Does "Rip Van Winkle" symbolize the struggle between America (Rip) and England (Dame Van Winkle)?

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In the story, Dame Van Winkle represents colonial rule in America.

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Certainly, it is easy to reach the conclusion that Dame Van Winkle represents England, or at least colonial rule. His wife is domineering, nagging, and never tires of telling Rip how inept and lazy he is. In fact, it is to avoid Dame Van Winkle that Rip goes into the...

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countryside to take his fabled nap. In this sense, it might be easy to conclude that Irving imagines Dame Van Winkle as an overbearing wife, and it should be no surprise that when Rip awakes, he receives the news of his wife's death (from his daughter) as "a drop of comfort."

It becomes clear later in the story that the news of his wife's death was more welcome than the result of the American Revolution:

Rip...was no politician...there was one species of despotism under which he had long groaned, and that was...petticoat government. Happily that was at an end; he had got his neck out of the yoke of matrimony and could go in and out whenever he pleased, without dreading the tyranny of Dame Van Winkle.

Some critics have seen in this response Irving's own ambivalence toward women, others have noted that Mrs. Van Winkle is more of an avatar of the bustling, energetic period of Irving's own life than colonial rule, but there are certainly parallels between Dame Van Winkle and colonial rule.

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Is the point of "Rip Van Winkle" to depict a symbolic struggle between America (Rip) and England (wife)?

In Washington Irving's lightly satiric story, when Rip van Winkle returns from his long sleep, he learns that the American Revolution has taken place, and his wife has died:  Freedom has been achieved on two fronts. But, Irving writes,

There was as usual a crowd of folk about the door; but none that Rip recollected.  The very character of people seemed changed. There was a busy bustling disputatious tone about it, instead of the accustomed phlegm and drowsy tranquility.  He looked in vain for the sage Nicholaus Vedder...uttering clouds of toascco smoke instead of idle speeches.  or VanBummel the schoolmaster doling forth the contents of an ancient newspaper.  In place of these a lean bilious-looking fellow with his pockets full of handbills, was haranging vehemently about rights of citizens--elections--member of Congress--liberty--Bunker's hill--heroes of seventy-six,--and other words which were a perfect Babylonish jargon to the bewildered van Winkle.

As a Romantic writer, Irving conveys a tone of nostalgia along with his humorous inflated diction.  He satirizes his contemporary post-revolutionary society, which he suggests may be too argumentative, rationalist, and dogmatic. And, as a Romantic, he expresses a longing for the calm and natural beauty characteristic of the colonial village.  Indeed, the Revolution has changed everything for van Winkle.  There is even a hint of terror in this alteration as van Winkle, alienated from a changing world, encounters a different self:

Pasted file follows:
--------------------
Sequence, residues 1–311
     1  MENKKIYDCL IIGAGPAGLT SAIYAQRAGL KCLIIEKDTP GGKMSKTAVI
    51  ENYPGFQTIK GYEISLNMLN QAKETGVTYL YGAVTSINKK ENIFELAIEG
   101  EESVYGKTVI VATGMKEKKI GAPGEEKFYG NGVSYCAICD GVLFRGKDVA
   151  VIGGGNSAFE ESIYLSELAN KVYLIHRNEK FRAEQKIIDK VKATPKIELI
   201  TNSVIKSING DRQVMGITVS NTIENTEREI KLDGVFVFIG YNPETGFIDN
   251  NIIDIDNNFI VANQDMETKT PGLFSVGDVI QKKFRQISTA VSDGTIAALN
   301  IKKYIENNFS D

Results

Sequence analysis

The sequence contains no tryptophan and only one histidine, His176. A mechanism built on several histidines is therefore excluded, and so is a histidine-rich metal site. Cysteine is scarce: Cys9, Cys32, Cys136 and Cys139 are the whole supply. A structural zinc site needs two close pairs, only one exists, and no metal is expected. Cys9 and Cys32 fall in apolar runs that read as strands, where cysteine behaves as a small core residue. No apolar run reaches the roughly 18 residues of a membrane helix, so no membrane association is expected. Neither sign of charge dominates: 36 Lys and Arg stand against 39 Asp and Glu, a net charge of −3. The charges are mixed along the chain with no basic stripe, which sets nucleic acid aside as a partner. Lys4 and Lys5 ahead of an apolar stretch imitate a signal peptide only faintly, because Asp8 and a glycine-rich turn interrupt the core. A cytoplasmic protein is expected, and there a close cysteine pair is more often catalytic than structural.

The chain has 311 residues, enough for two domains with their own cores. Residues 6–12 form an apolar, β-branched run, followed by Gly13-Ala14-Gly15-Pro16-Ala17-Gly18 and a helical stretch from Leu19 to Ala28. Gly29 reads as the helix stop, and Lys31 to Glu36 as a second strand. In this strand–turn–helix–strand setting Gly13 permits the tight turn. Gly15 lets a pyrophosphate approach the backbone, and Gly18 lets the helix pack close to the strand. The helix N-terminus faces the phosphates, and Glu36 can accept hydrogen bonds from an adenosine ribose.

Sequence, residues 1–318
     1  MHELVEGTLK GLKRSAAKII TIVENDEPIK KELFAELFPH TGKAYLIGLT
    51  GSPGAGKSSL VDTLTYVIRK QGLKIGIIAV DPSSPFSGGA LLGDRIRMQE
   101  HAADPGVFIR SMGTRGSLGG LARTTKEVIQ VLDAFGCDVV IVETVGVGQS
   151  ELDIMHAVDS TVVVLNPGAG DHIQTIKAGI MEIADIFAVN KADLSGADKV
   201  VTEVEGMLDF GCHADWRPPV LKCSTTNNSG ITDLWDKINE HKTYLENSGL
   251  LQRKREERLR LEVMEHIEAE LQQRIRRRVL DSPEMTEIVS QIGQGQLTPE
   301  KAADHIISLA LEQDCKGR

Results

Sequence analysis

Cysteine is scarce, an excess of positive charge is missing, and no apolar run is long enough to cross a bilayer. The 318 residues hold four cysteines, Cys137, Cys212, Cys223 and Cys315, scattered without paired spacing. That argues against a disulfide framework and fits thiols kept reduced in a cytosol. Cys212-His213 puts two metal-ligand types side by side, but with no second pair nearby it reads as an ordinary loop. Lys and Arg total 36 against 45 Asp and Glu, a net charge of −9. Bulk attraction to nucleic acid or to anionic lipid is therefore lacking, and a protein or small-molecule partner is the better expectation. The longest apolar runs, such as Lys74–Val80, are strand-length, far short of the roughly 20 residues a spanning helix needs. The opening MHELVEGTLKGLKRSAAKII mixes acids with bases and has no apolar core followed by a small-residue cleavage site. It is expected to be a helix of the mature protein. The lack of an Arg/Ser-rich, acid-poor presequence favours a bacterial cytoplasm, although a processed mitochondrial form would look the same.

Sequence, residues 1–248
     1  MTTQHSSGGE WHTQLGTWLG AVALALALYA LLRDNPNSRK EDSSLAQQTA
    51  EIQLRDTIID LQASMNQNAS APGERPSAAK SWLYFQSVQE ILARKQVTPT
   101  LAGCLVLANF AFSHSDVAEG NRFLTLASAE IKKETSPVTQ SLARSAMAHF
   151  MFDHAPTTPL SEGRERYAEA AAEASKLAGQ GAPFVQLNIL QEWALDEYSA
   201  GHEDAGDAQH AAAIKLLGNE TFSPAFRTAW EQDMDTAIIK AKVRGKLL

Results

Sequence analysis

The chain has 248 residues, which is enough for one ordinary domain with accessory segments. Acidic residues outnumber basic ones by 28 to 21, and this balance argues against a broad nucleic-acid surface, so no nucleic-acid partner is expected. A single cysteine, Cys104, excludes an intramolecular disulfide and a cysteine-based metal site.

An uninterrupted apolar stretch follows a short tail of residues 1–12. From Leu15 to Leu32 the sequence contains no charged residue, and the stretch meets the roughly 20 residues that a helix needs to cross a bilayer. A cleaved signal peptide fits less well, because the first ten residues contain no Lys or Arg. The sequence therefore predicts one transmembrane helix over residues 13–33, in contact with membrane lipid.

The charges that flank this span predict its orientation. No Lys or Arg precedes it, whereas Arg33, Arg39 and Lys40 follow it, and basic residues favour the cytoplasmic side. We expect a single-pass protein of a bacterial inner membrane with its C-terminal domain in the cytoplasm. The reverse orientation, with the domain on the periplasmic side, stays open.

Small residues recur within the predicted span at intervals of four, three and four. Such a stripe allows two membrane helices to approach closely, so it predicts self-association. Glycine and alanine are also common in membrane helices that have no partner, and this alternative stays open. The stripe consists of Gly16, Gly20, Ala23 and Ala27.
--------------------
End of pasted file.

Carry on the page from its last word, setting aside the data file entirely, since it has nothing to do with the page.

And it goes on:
'God knows,' exclaimed he, at his wit's end, 'I'm not myself.--I'm somebody else--that's me yonder--n--that's somebody else got into my shoes--everything's changed--and I'm changed--and I can't tell what's my name, or who I am!'

Perhaps, van Winkle does resemble the new nation that has now lost its old identity and is now in a poignant struggle much like Odysseus that seeks to be recognized.  However, this serious tone gives way to the folksy and leisurely narrative of the denouement as Rip van Winkle is happier in his reclaiming of his habitual position in society as "a venerable old man."

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Is the point of "Rip Van Winkle" to depict a symbolic struggle between America (Rip) and England (wife)?

I have never seen that particular comparison drawn.  I do not really think it works, because I do not see Rip's laziness and his lack of desire to get ahead as American traits.  I would not think that anyone would be likely to use a person with those traits to symbolize America.

I think that there are a couple things going on here, other than it just being a funny story.

I think it is supposed to be some sort of a commentary on the relations between the sexes.  Rip's relationship with his wife is that of the stereotypical henpecked husband.

The other thing is that Rip's nap overlaps the American Revolution.  Critics argue about whether Irving meant to show that the village had changed in fundamental ways because of the revolution.  Some say that there is more in the way of political discussions after the Revolution, while others say that Rip himself is apathetic, thus showing that the Revolution didn't really change anything.

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